J.W. Riggs, “Emerging Ecclesiology in Calvin’s Baptismal Thought, 1536-1543” CH 64 (Mar1995): 38. The first sign was immediate but the second sign was only efficacious if it was received in life by faith. The distinction between initiation into the invisible and visible Christian Church is necessary to distinguish between the efficacy of the promises of baptism for those who are baptized and have faith and those who are baptized and do not.

[18] Calvin, Calvin: Institutes, 4. 15. 2.

[19] Calvin, Calvin: Institutes, 4. 15. 2.

[20] Calvin, Calvin: Institutes, 4. 15. 2.

[21] Calvin, Calvin: Institutes, 4. 15. 2.

[22] Calvin, Calvin: Institutes, 4. 15. 2.

[23] W.R. Godfrey, “Calvin , Worship and the Sacraments” in Theological Guide to Calvins Institutes: Essays and Analyses, ed. D.W. Hall and P.A. Lillback (Phillipsburgh: P & R Publishing Company, 2008), 378. This teaching built on the teachings of Augustine and Cyprian. For Calvin, baptism did not regenerate infants or remove the guilt of Original Sin; however, it gave parents a surer confidence in Gods care for his posterity and encouraged parents to teach the faith to their children.

[24] Calvin, Calvin: Institutes, 4.15. 11.

[25] Calvin, Calvin: Institutes, 4. 15. 11.

[26] Calvin, Calvin: Institutes, 4.15. 11.

[27] Calvin, Calvin: Institutes, 4. 16.  4. E. Grislis, “Calvin’s Doctrine of Baptism” CH 31/1 (1962): 51. This idea finds its scriptural basis in the linking of the rites of baptism and circumcision in Colossians 2:11.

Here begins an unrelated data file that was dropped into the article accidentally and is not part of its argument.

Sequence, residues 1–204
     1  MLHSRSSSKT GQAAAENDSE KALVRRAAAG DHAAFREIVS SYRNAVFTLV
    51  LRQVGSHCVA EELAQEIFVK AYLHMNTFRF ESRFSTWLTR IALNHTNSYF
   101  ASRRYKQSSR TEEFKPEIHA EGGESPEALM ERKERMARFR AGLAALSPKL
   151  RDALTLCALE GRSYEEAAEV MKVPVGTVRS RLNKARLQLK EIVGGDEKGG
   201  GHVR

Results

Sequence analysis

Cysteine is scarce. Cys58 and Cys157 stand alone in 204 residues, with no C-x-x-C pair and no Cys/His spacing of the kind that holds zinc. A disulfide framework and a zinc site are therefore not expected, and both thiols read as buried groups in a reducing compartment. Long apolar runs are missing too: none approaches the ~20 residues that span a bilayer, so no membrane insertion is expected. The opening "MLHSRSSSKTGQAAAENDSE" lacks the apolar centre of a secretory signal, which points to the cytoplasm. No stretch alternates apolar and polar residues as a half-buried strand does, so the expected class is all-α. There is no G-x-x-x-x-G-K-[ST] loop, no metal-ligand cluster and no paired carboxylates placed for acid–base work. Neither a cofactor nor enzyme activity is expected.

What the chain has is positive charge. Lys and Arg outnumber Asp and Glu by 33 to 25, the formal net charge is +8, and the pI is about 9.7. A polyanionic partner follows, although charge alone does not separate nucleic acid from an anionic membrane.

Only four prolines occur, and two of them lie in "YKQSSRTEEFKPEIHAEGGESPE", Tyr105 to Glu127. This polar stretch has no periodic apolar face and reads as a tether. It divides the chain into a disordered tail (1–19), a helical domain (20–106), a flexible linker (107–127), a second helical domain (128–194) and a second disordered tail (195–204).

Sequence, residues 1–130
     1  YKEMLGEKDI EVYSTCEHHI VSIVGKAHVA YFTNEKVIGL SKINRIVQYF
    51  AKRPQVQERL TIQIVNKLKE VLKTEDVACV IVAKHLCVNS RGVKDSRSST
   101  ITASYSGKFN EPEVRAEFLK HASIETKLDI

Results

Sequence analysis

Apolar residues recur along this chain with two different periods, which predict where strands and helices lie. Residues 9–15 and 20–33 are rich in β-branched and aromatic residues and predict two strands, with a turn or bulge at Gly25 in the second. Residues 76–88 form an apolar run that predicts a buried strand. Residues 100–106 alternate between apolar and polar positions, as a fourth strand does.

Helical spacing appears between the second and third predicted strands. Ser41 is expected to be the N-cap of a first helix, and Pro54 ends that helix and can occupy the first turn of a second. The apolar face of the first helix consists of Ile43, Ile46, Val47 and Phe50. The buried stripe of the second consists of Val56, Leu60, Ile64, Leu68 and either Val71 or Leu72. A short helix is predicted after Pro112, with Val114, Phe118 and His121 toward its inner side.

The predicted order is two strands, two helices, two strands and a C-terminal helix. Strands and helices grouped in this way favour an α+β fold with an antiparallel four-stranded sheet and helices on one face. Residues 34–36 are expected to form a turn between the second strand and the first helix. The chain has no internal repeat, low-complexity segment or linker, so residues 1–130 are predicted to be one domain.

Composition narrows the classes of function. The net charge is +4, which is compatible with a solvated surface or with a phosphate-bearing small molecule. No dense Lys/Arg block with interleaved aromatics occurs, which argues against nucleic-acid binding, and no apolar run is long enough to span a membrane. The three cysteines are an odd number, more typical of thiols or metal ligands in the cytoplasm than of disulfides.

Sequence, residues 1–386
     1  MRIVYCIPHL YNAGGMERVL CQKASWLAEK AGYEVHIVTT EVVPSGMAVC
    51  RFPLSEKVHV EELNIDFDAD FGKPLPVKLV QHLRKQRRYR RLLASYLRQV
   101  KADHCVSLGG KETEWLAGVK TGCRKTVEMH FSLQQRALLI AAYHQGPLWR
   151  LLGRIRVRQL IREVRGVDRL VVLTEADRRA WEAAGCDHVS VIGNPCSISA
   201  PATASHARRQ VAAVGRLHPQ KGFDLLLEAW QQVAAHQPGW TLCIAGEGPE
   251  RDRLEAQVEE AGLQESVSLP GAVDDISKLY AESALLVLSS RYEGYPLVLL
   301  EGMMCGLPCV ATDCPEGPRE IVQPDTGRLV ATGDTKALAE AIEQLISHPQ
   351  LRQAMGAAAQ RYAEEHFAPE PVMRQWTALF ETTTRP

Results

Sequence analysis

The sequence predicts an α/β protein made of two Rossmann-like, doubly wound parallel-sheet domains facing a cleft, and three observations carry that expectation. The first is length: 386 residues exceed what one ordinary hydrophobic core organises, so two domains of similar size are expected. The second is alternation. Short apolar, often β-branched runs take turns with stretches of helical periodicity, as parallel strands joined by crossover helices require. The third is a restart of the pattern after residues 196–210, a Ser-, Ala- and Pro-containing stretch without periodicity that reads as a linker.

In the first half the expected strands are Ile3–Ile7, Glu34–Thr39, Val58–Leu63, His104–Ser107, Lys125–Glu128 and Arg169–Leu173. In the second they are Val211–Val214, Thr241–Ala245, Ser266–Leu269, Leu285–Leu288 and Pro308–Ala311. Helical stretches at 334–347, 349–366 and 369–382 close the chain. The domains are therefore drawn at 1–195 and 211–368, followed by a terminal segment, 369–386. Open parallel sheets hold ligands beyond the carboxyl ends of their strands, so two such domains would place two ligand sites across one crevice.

[28] Calvin, Calvin: Institutes, 4. 16. 5. Grislis, “Calvin’s Doctrine”, 51. However, the inclusion of all Europeans into the covenant people at birth led to rampant nominalism.

[29] Grislis, “Calvin’s Doctrine”, 51. Calvin, Calvin: Institutes, 4. 16. 4-5.

[30] Grislis, “Calvin’s Doctrine”, 51. Calvin, Calvin: Institutes, 4. 16. 1.

[31] Grislis, “Calvin’s Doctrine”, 51.

[32] Calvin, Calvin: Institutes, 4. 16.  7.

[33] Calvin asserts that the notion of rejecting the baptism of infants on the grounds that the baptism of infants is not explicitly mentioned in scripture is the same as rejecting women from the Lord’s Supper on the same grounds. Calvin seeks to show that since the second conclusion is unacceptable then so is the first. Calvin, Calvin: Institutes, 4. 16. 7.

[34]Calvin assumes that the historical context of the New Testament Church is like that of theocratic Israel. In doing so he disregards the idea that God may have devised a new way of doing things for a new historical situation.

[35] For example, Calvin’s view of baptism as an oath of allegiance seems strange, considering that Infants were incapable of making such an oath. I realise he is not directly contradicted by scripture either.